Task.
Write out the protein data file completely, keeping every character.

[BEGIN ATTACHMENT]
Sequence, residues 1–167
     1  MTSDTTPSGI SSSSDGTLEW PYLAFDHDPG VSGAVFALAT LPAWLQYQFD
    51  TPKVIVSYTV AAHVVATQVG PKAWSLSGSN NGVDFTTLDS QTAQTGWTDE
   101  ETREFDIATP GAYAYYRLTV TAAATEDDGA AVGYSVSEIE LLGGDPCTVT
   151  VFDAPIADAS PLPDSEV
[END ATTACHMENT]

Sequence, residues 1–167
     1  MTSDTTPSGI SSSSDGTLEW PYLAFDHDPG VSGAVFALAT LPAWLQYQFD
    51  TPKVIVSYTV AAHVVATQVG PKAWSLSGSN NGVDFTTLDS QTAQTGWTDE
   101  ETREFDIATP GAYAYYRLTV TAAATEDDGA AVGYSVSEIE LLGGDPCTVT
   151  VFDAPIADAS PLPDSEV